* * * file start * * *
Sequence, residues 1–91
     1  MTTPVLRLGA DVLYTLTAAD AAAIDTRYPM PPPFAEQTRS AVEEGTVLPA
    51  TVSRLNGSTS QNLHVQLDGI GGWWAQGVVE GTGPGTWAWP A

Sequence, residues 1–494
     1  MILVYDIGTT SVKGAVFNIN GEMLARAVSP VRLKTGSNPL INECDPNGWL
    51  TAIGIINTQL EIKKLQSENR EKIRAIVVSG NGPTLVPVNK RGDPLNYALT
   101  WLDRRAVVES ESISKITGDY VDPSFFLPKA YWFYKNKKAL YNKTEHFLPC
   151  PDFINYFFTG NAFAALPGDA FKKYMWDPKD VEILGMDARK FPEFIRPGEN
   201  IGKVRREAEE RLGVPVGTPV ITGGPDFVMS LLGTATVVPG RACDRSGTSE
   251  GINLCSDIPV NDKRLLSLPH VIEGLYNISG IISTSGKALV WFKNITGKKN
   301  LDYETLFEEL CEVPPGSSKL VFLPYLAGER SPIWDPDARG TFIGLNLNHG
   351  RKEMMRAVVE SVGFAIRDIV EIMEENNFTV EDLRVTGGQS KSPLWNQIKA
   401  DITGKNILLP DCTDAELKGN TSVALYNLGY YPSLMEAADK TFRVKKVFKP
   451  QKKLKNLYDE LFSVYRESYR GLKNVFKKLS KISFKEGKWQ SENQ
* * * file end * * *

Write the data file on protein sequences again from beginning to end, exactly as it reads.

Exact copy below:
Sequence, residues 1–91
     1  MTTPVLRLGA DVLYTLTAAD AAAIDTRYPM PPPFAEQTRS AVEEGTVLPA
    51  TVSRLNGSTS QNLHVQLDGI GGWWAQGVVE GTGPGTWAWP A

Sequence, residues 1–494
     1  MILVYDIGTT SVKGAVFNIN GEMLARAVSP VRLKTGSNPL INECDPNGWL
    51  TAIGIINTQL EIKKLQSENR EKIRAIVVSG NGPTLVPVNK RGDPLNYALT
   101  WLDRRAVVES ESISKITGDY VDPSFFLPKA YWFYKNKKAL YNKTEHFLPC
   151  PDFINYFFTG NAFAALPGDA FKKYMWDPKD VEILGMDARK FPEFIRPGEN
   201  IGKVRREAEE RLGVPVGTPV ITGGPDFVMS LLGTATVVPG RACDRSGTSE
   251  GINLCSDIPV NDKRLLSLPH VIEGLYNISG IISTSGKALV WFKNITGKKN
   301  LDYETLFEEL CEVPPGSSKL VFLPYLAGER SPIWDPDARG TFIGLNLNHG
   351  RKEMMRAVVE SVGFAIRDIV EIMEENNFTV EDLRVTGGQS KSPLWNQIKA
   401  DITGKNILLP DCTDAELKGN TSVALYNLGY YPSLMEAADK TFRVKKVFKP
   451  QKKLKNLYDE LFSVYRESYR GLKNVFKKLS KISFKEGKWQ SENQ